New Poll Suggests That Trump’s Voters Are Rallying Around Him, While Biden’s Coalition Is Fracturing

The consistent stream of bad polls for Mr. Biden has many allies saying Democrats should look for an alternate standard-bearer.

AP, File
Presidents Biden and Trump. AP, File

A new poll from the New York Times and Siena College should be cause for alarm in the West Wing and President Biden’s Delaware campaign headquarters as President Trump appears to be solidifying his grasp on his own party and the incumbent president’s coalition appears to be falling apart. A number of defections among young, Black, and Hispanic voters — as well as former Biden voters — could help return Mr. Trump to the White House next year. 

The poll suggests that Mr. Trump now leads Mr. Biden nationally, 48 percent to 43 percent. The margin of error for the poll was just 3.5 percent, meaning Mr. Trump has pulled into a significant lead outside of that margin of error. 

Among nearly all demographics, Mr. Trump has made major inroads since he last appeared on a national ballot. These demographics delivered Mr. Biden razor-thing victories in states like Georgia, Arizona, Wisconsin, Michigan, Nevada, and Pennsylvania. Across key swing states, Mr. Trump only lost the 2020 election — the Electoral College — by about 45,000 votes. 

The Times/Siena poll currently puts Mr. Trump on track to take significant support from Mr. Biden and put it into his own column by November. 

Among young voters — a key demographic that has vaulted Democrats into the White House in the past — Mr. Biden fares especially poorly. He only leads Mr. Trump with voters under the age of 30 by 12 points. In 2020, Mr. Biden won that cohort by 24 points. 

For young voters, pollsters found that they are increasingly turned off by Mr. Biden’s support for Israel. But it isn’t just young voters who are concerned. A 51-year-old Democrat from Georgia, Philip Kalarickal,  told the Times that Mr. Biden “ should be doing more to ensure that the Israeli government goes about this in a way that provides safety for them but without the civilian toll.” 

Despite his concerns, Mr. Kalarickal says he will support Mr. Biden in 2024. “I understand that my vote or lack of vote carries a consequence, and I look at the alternative and that’s worse than the current thing. But I do want to register my displeasure. The way I vote doesn’t mean I like it.”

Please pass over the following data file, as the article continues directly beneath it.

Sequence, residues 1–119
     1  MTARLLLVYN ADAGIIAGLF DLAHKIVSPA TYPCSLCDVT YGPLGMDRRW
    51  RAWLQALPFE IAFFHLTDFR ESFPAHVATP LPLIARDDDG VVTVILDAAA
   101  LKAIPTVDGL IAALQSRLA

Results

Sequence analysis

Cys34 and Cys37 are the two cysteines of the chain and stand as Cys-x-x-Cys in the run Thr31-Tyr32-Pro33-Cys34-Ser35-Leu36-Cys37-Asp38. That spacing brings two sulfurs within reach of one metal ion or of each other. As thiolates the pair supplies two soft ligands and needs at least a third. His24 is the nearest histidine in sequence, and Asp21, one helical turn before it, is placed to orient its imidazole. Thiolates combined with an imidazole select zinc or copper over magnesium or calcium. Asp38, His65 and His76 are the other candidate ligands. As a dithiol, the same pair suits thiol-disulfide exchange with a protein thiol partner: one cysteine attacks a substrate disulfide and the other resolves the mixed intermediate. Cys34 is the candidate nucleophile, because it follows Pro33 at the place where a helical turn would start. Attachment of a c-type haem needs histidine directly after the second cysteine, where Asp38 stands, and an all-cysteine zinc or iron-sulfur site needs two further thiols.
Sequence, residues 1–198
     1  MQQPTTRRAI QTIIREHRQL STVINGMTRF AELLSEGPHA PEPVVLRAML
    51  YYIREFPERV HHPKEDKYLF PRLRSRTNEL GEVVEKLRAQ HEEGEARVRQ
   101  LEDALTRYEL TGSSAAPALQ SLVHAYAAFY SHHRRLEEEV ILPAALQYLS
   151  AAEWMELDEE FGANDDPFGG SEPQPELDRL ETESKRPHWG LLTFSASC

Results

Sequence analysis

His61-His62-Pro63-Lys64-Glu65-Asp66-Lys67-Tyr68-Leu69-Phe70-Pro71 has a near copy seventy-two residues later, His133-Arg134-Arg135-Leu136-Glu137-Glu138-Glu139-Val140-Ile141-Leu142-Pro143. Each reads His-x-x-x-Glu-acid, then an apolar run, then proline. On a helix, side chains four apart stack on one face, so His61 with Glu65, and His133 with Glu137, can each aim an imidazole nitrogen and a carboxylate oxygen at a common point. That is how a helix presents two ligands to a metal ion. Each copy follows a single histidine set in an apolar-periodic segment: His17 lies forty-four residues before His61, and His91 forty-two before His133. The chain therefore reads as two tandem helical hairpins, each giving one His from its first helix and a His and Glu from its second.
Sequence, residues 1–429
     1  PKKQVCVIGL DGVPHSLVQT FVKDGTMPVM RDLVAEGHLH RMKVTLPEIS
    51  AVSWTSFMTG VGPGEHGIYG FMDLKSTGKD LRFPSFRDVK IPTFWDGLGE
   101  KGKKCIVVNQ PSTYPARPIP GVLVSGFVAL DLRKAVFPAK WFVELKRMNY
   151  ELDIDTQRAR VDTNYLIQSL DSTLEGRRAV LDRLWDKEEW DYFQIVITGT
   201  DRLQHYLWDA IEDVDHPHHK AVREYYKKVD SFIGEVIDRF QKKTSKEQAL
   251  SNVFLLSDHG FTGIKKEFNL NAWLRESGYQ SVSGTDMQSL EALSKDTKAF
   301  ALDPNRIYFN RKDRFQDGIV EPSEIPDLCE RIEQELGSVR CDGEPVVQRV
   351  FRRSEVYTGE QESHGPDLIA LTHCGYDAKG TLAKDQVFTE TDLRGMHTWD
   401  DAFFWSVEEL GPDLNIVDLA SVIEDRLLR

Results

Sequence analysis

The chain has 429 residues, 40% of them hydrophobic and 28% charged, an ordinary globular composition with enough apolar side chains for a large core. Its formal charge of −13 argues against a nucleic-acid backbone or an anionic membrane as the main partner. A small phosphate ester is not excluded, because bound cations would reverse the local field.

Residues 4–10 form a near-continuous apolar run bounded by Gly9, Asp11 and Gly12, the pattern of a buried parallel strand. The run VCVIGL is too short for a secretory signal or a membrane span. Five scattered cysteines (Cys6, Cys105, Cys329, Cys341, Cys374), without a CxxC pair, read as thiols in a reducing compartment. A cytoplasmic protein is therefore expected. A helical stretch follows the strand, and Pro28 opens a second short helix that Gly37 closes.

A grave concern for the White House has been the lack of support from Arab-American and Muslim voters in Michigan. In Metro Detroit, there is a sizable number of voters who are frustrated — if not outright enraged — with Mr. Biden’s continued support for the war against Hamas. 

On Tuesday, more than 100,000 Michiganders voted “uncommitted” in the Democratic primary as a protest against Mr. Biden. The incumbent president won the state by just 155,000 in 2020. 

A sizable number of Black voters are also saying they may not vote for the incumbent come November. In 2020, according to the Pew Research Center, 92 percent of Black voters cast ballots for Mr. Biden, while just eight percent voted for Mr. Trump. The Times/Siena poll finds that if the election were held today, 23 percent of Black voters would support Mr. Trump. 

Hispanics — another demographic that helped put Mr. Biden over the top in states like Arizona, Nevada, and Pennsylvania four years ago — are also defecting to the former president. In 2020, Mr. Trump won 38 percent of the Hispanic vote after winning just 25 percent of the demographic in 2016. Now, Mr. Trump leads Mr. Biden among Hispanics, 46 percent to 40 percent. 

Mr. Biden is not only losing key parts of his base, but independent and swing voters as well — including some who voted for him in 2020. According to the Times/Siena poll, Mr. Trump is winning 97 percent of voters who supported him four years ago, while Mr. Biden is only winning 83 percent. In a sign of swing voters defecting, about ten percent of Mr. Biden’s 2020 voters say they will vote for Mr. Trump in November. 

The founder of FiveThirtyEight, Nate Cohn, writes that Mr. Biden’s real problem lies with those independents, not necessarily the Democratic base.

“Democrats should probably root for lower rather than higher turnout in November, a big change from the Obama years,” Mr. Cohn says of concerns about independents showing up to register their dissatisfaction. “These are swing voters,” Mr. Cohn says of those most dangerous to Mr. Biden’s reelection prospects: “People who are explicitly stating to pollsters that they are switching their vote from 2020. There are a substantial number of them.”

The New York Sun

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